If you’re ascending Mount Kawanori (trail #5), you’ll be rewarded with a view of one of the highest waterfalls in Okutama. The trail is open all year round, so come winter you’ll encounter a frozen and majestic Hyakuhiro Waterfall.
Access: Kawanori-Bashi Bus Stop
Hikawa Camping Ground
This campsite is conveniently located minutes away from Okutama Station on the banks of Tama River. Hikawa Camping Ground provides cheap rental gear and BBQ facilities. Additionally, surrounding convenience stores offer a quick and easy bite.
Website: Hikawa Camping Ground
Kawai Camping Ground
East of Hikawa Camping Ground and along the Tama River find Kawai Camping Ground. The best thing about it is that you’re allowed to build an open fire!
Website: Kawai Camping Ground
Odake Camping Ground
Off the beaten path, this camping ground is perfect for those who just want to explore Mount Odake. Also find here Odake Falls.
Website: Odake Camping Ground
Kanotoen Camping Ground (神戸園キャンプ場)
Away from the main attractions of Okutama, this campsite is located in Akikawa Valley. Find here cheap fishing and free rock climbing.
Website: Kanotoen Camping Ground
In addition to these camping grounds, feel free to pitch a tent anywhere during one of your hikes here. No, it’s not illegal.
Moegi No Yu
Perhaps the most famous onsen in Okutama, Moegi No Yu makes for the perfect wind down after having explored the many sights Okutama has to offer. It’s also conveniently located 10 minutes away from Hikawa Camping Ground on foot.
Website: Moegi No Yu
Seoto No Yu
Featured in our Onsens in Tokyo article, Seoto No Yu is difficult to get to but certainly worth it. Soaking in the onsen while being surrounded by luscious greens make for the perfect getaway. They even have a cottage for those who wish to stay the night!
Website: Seoto No Yu
More Things to Do in Okutama
Okutama Mizuto Midorino Fureaikan (奥多摩水と緑のふれあい館)
This free museum details the history of the construction of Ogouchi Dam which is only a stone’s throw away. The restaurant on the second floor also serves generous portions of Japanese curry whilst boasting panoramic views of Okutama – making it a great pit stop for lunch. Additionally, find here a 3D theater!
Website: Okutama Mizuto Midorino Fureaiakn
Shinrinkan (Forest Museum/奥多摩町森林館)
After exploring Nippara Limestone Cave, head on over to Shinrinkan to learn about the life and history of the giant trees of Okutama. You might even be able to catch a glimpse of a Japanese deer or Japanese serow from the observation deck.
Yama No Furusatomura (Mountain Hometown Village/東京都立奥多摩湖畔公園 山のふるさと村)
Yama No Furusatomura is an all-in-one facility that promotes Okutama’s rich biodiversity. Find here guided hikes, BBQ facilities, cabins, a camping ground and much more. You can even make your own soba noodles here too!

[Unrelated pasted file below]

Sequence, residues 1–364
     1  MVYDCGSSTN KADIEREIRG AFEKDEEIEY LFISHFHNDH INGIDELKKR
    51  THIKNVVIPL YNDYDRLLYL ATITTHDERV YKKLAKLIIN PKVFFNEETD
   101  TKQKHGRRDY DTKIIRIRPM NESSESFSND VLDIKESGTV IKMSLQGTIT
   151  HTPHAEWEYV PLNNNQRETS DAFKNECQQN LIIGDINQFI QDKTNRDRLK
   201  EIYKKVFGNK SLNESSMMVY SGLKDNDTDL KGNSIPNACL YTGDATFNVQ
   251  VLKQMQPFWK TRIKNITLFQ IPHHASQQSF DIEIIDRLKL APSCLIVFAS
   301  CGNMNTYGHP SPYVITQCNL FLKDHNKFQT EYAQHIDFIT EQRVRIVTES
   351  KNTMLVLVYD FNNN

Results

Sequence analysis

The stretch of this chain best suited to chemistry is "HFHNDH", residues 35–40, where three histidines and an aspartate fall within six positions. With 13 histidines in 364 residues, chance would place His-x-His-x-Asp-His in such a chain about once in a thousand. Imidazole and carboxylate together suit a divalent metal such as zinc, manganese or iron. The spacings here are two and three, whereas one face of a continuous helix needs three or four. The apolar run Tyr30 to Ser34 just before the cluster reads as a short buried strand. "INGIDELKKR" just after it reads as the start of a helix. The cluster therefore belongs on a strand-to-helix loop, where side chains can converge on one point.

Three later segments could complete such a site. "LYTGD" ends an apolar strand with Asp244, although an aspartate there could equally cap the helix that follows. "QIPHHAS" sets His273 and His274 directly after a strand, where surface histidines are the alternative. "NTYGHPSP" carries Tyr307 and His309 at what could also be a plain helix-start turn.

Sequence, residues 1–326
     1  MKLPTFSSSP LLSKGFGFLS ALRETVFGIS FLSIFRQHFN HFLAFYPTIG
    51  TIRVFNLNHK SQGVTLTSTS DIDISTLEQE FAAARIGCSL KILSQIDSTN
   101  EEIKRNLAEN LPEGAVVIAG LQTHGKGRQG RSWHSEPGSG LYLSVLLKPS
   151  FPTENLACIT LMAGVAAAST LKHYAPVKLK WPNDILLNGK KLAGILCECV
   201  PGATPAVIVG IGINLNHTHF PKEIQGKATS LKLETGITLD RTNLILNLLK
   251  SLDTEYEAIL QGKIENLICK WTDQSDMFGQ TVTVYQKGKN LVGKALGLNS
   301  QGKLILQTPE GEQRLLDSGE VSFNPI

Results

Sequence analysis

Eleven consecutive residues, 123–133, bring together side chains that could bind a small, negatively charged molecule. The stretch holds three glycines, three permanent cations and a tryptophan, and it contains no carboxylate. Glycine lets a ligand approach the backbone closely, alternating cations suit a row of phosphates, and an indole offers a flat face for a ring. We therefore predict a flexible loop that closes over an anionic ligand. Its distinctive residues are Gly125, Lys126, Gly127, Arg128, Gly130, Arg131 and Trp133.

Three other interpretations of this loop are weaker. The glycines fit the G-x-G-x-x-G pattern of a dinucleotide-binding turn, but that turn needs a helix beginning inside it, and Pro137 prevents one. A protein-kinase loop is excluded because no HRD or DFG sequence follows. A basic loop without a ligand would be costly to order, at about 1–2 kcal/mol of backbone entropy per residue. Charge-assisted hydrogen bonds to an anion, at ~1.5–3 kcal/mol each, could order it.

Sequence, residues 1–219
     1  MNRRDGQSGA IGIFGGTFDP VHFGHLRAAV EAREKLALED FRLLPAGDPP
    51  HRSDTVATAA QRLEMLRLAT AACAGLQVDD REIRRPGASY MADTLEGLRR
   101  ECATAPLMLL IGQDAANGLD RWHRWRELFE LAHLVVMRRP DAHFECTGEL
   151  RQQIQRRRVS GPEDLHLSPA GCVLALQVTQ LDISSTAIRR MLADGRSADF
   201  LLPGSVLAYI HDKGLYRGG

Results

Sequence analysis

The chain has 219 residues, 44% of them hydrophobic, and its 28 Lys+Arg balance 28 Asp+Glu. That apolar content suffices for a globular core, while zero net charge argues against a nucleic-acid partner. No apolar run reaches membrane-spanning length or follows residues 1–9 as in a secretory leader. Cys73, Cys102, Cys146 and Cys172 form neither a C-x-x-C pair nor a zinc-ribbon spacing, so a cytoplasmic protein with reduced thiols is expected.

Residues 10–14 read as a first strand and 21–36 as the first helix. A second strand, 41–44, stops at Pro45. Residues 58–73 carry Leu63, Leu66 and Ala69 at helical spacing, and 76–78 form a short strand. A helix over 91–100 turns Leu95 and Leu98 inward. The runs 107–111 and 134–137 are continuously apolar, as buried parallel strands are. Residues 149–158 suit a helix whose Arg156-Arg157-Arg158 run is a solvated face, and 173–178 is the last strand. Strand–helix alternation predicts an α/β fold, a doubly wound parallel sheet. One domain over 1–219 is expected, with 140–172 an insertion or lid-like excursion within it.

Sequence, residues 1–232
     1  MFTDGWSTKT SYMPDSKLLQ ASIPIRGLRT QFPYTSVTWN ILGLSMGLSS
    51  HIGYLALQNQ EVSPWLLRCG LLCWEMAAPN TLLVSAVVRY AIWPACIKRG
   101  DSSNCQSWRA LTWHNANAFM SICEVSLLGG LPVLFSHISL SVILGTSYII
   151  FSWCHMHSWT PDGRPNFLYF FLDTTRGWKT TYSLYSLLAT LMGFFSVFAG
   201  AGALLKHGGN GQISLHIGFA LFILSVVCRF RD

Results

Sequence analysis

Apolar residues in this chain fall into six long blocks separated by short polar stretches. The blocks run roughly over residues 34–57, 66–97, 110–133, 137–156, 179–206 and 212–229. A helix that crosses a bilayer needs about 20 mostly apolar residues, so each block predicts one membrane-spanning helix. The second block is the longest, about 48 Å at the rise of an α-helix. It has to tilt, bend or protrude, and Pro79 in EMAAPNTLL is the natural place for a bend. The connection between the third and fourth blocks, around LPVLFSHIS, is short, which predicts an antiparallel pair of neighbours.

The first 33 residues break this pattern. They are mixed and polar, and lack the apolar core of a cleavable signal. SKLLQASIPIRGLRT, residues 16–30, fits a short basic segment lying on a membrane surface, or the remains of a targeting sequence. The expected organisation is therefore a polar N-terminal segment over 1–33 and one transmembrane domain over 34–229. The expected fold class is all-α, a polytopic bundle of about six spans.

Come mid-October, Yama No Furusatomura hosts a mountain themed musical festival.
Website: Yama No Furusatomura
Okutama Noryo Fireworks Festival
Come mid-August, you’ll be greeted by 1,000+ fireworks as you step out of Okutama Station.
Access: Okutama Station
Wasabi, grown in some of the finest spring water, is a local speciality here. You might even find random patches of wasabi on your hike.
Deemed one of three major wasabi producers, come get your wasabi souvenirs from one of the various shops dotted around.
Sawanoi Sake (Ozawa Shuzo/小澤酒造(株))
After fishing by the Tama River, head on over to Swanoi Sake brewery for a refreshing glass of sake.
In addition to hiking, Okutama offers a wide range of outdoor activities from zip lining to rafting. Check out the services below:
Home to some of the biggest bodies of water in Tokyo, Okutama is the ideal region to do some fishing. By the Tama River is Okutama Fishing Center (奥多摩フィッシングセンター), a popular fishing site. Find here whitespotted char, rainbow trout and cherry salmon.
American Camp Village
American Camp Village offers quaint log cabins by a stream. In addition to this, they also offer a wide range of facilities and services such obstacle courses, onsen and BBQ.
Website: American Camp Village
Price: >5,000 yen
Mitake Youth Hostel (御嶽ユースホステル)
As the name suggests, this hidden gem of a hostel is the perfect accommodation for those looking to scale Mount Mitake. It’s also only a 15-minute walk from Musashi Mitake Shrine!
Website: Mitake Youth Hostel
Price: >3,000 yen
Suiko-En Ryokan (奥多摩 温泉旅館 水香園)
If you’re looking for a luxurious accommodation, then Suiko-En Ryokan is for you. With prices starting at around a whopping 20,000 yen per night, you’re guaranteed a peaceful retreat.
Website: Suiko-En Ryokan
Price: >20,000 yen
Arasawaya Ryokan (荒澤屋旅館)
This family owned and operated traditional Japanese inn gives off a warm and friendly vibe. Their private onsen sources its water from Tsurunoyu hot springs which is great for soothing your aching muscles after a day of trekking.
Website: Arasawaya Ryokan
Price: >5,000 yen
*Prices are for single occupancy and per night.
From Tokyo by Train
Take the JR Chuo Line for Ome at Shinjuku Station; stay on the train as it merges into the JR Ome Line. After about 2 hours, the train will arrive at Oku-Tama Station. The entire journey one-way costs 1,080 yen. Other stations of interest on this line include Mitake, Kawai, Kori, Hatonosu and Shiromatu.